A new study led by Ying Maggie Chen, MD, PhD, Division of Nephrology, found a new class of drugs that shows great promise in the treatment of nephrotic syndrome (NS) resulting from podocyte endoplasmic reticulum (ER) dysfunction.
NS is a leading cause of chronic kidney disease affecting over 500 million people worldwide. Damage to podocytes, the highly specialized epithelial cells that cover the glomerular capillaries in the kidney, is a characteristic feature of NS. While the importance of ER stress in the pathogenesis of NS is acknowledged, no treatment currently targets podocyte ER dysfunction.
Dr. Chen’s group investigated the molecular pathogenesis and treatment of podocyte ER stress-induced NS by using a mouse model of NS caused by LAMB2 C321R, a mutation identified in human patients. Their aim was to determine whether ER calcium homeostasis is dysregulated in podocytes undergoing ER stress and to discover novel therapeutic agents targeting the ER to inhibit podocyte injury and proteinuria in NS, including focal segmental glomerulosclerosis (FSGS).
They found that the podocyte ER calcium release channel, type 2 ryanodine receptor (RyR2), underwent a remodeling during ER stress, resulting in ER calcium leakage and cytosolic calcium elevation. The leaky RyR2 activated cytosolic protease calpain 2, which lead to podocyte injury. However, a chemical compound (K201) and a biotherapeutic protein (MANF) fixed the leaky RyR2 and inhibited podocyte injury. K201 also attenuated proteinuria in their NS mouse model.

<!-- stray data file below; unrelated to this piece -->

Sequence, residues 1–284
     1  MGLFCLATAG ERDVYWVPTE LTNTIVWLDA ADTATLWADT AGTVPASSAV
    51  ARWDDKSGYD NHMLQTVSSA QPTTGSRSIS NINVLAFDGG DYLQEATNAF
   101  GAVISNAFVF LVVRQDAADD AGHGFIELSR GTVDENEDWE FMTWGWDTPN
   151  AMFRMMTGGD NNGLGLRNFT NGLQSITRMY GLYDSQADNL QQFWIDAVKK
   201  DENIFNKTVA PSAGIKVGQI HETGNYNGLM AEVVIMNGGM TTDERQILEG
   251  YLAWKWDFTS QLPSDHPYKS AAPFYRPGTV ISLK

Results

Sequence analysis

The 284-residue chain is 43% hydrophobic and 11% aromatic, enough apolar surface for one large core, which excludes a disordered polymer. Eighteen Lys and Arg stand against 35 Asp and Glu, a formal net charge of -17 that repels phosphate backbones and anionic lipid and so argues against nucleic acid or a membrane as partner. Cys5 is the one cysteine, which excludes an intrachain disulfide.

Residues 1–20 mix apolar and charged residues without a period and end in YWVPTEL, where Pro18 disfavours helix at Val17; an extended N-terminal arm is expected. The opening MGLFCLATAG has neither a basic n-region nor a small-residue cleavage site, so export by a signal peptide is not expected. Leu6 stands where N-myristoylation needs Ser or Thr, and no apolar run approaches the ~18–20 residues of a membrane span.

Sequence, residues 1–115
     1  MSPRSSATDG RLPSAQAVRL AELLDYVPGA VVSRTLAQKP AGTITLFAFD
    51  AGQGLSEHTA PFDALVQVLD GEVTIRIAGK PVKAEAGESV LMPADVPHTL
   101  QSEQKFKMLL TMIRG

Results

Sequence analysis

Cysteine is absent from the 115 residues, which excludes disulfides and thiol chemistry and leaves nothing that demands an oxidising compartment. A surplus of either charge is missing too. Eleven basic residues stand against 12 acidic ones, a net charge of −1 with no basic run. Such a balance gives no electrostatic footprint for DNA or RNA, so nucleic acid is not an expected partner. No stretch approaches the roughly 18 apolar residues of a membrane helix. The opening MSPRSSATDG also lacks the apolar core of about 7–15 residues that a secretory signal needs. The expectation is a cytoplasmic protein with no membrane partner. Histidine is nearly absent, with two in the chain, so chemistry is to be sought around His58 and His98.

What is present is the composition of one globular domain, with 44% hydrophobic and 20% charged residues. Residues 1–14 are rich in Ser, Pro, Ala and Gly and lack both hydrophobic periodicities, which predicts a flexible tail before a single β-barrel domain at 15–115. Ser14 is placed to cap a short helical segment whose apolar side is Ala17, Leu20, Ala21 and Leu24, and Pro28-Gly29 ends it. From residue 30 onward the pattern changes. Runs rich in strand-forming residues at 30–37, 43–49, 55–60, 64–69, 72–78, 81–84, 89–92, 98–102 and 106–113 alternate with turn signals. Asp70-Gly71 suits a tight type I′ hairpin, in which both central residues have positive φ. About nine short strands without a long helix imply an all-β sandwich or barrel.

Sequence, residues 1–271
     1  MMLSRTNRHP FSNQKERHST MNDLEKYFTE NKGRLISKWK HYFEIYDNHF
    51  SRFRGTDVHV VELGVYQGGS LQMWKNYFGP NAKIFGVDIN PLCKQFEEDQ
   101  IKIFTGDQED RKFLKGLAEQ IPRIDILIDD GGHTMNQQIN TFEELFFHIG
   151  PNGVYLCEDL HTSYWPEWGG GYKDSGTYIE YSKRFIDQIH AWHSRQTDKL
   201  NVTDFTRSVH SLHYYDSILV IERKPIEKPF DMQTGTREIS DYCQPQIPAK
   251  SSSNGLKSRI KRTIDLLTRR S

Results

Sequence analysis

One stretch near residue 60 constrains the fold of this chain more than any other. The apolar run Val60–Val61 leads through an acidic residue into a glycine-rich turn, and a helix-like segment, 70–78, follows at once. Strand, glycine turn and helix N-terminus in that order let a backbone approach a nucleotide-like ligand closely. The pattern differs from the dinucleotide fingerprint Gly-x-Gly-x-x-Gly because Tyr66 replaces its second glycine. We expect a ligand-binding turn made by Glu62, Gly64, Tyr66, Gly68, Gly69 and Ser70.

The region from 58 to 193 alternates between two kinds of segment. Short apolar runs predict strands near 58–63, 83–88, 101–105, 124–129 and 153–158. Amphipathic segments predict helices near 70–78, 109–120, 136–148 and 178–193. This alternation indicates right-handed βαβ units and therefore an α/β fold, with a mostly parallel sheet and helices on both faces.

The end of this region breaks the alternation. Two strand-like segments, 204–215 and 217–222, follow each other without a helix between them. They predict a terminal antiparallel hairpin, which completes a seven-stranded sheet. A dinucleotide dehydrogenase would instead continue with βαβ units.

The new class of drugs – podocyte ER calcium channel stabilizers – may have wide clinical implications in the treatment of NS, focal segmental glomerulosclerosis (FSGS), membranous nephropathy (MN), minimal change disease (MCD), Alport syndrome and diabetic nephropathy. Dr. Chen, through the Office of Technology Management at Washington University, filed a U.S. nonprovisional patent (Serial No. 16/446073), June 19, 2019.
“We will continue to collaborate with the NIH-National Center for Advancing Translational Sciences to discover more ER stress modulators to treat ER stress-mediated glomerular and tubular diseases,” say Chen. “We are also eager to establish collaborations with pharmaceutical companies to move forward our therapeutic agents from preclinical mouse models to clinical trials.”
The article, “Discovery of endoplasmic reticulum calcium stabilizers to rescue ER-stressed podocytes in nephrotic syndrome,” was published in PNAS June 24, 2019. Read full article here. Authors:
The paper has been highlighted by Nature Reviews Nephrology (read the review here). and the June 26 edition of ASN In The Loop, the American Society of Nephrology’s daily e-news briefing that highlights exciting announcements and current research in the world of nephrology.
Read more about Dr. Chen and her research team, who have pioneered the development of urinary ER stress biomarkers research, on the Y. Maggie Chen Lab Web Site.